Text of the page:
Huck, With Music
This isn't the river, pirates, a boy cross-dressed to knock on a cabin
in nowhere, night, and fog—but then, why not? Five days overcast supposed
to break, and the woman at the next table wants her friend to understand it
isn't his fault. He's just careless, the way men are; it's his foreign style—Spanish, North African? Can't she forgive him? The woman who lived in that
cabin in the woods knew all along the girl in the bonnet was a boy. His
fingers couldn't thread the needle. She just didn't know where he came from,
or why. The gang leaders say they've come to clean up the streets, make it
safe for the old. The four I saw slouched in the convertible were laughing, a
sunny day, gold and diamonds sparkling in their ears as they squealed away
from the light. No one saw the gun, but I wasn't going to catch those eyes.
The lawyer quit, went back to the old school to learn a
different job, reading the news. He'll move to another state,
"find out what's really going on," tell the truth. Broad
daylight, caulking windows, and someone boosted the ladder we
stored in the gangway five years. How about that bridge with one
end stuck in the air, the crane sure it wouldn't move lodged in a
joint and all the traffic sent the other way? Murder every day.
Light drizzle. Whoever dismembered that girl when her car broke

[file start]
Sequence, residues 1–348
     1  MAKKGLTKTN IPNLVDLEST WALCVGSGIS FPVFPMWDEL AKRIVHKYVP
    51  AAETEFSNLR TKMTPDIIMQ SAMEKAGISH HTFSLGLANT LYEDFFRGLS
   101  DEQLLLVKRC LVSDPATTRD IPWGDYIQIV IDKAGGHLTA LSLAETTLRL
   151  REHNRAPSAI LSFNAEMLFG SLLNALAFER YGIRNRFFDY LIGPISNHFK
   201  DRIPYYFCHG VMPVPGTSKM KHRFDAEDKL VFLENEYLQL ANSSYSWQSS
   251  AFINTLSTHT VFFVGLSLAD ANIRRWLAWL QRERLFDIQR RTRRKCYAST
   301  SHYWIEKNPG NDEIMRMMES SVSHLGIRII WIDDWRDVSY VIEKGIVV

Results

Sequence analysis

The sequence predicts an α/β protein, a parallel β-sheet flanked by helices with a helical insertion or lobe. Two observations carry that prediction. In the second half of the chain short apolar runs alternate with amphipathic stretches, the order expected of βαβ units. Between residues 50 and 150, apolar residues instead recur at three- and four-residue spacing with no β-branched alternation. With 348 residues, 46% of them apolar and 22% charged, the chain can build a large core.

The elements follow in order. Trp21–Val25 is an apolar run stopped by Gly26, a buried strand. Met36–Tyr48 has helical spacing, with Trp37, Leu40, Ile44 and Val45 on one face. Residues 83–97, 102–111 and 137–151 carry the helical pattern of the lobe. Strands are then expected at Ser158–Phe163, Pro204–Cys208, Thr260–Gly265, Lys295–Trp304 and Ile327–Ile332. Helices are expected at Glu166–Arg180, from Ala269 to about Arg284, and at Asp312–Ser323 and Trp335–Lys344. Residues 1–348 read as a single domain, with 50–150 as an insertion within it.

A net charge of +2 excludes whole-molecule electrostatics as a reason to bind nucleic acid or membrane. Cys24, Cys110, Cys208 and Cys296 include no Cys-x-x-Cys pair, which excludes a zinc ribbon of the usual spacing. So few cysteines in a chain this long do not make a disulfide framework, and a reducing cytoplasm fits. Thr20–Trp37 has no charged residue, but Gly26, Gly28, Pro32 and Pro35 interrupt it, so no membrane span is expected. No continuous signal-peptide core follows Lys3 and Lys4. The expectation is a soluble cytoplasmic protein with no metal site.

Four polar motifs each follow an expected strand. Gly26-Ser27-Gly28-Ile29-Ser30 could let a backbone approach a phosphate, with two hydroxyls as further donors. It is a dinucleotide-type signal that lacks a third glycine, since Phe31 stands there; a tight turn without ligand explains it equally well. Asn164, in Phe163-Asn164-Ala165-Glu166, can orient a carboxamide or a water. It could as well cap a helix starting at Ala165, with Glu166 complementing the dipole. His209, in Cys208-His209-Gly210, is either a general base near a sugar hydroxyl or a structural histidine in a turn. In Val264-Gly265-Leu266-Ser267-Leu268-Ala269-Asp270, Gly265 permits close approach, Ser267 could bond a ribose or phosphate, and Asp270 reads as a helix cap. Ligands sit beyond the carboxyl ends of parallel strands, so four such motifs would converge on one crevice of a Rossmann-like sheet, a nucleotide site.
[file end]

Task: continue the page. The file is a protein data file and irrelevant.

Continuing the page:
down in the country ought to be shot. After the fair trial, of
course. A few more minutes, a phone call to finish business,
then home. The whipped cream always sinks into the coffee too
fast, though the taste is all we hoped.
They've found a molten pillar stretching through the mantle: we're not where we thought. We're drifting, and something else is pushing us around. Understand, this isn't complaint; I'm actually looking forward to dinner no matter the food, the usual company raising its din, whiskey, then screaming. At the end, with a little luck, there's sleep. Not what we imagined? Too bad, I suppose— On the other side of the world, the man who tried to save his country's farmers from oil is hanged. In our own desert, they're stealing treasures from the ancient dead. It may be history, but no one needs the broken jars. The signal the suburb counted on failed and more children were killed. Still, it's a long way from here and we don't know any of them. The sex is still out there, a guerilla whose arrival we pray for, as if it's the weapon we need to save us. Hindustan for Hindus only, the popular fascists cry. Just keep telling those wonderful stories, the letter that came from the Coast said yesterday. Maybe the shaking stops, and we can believe "the sky is pure and cold" as the next winter descends.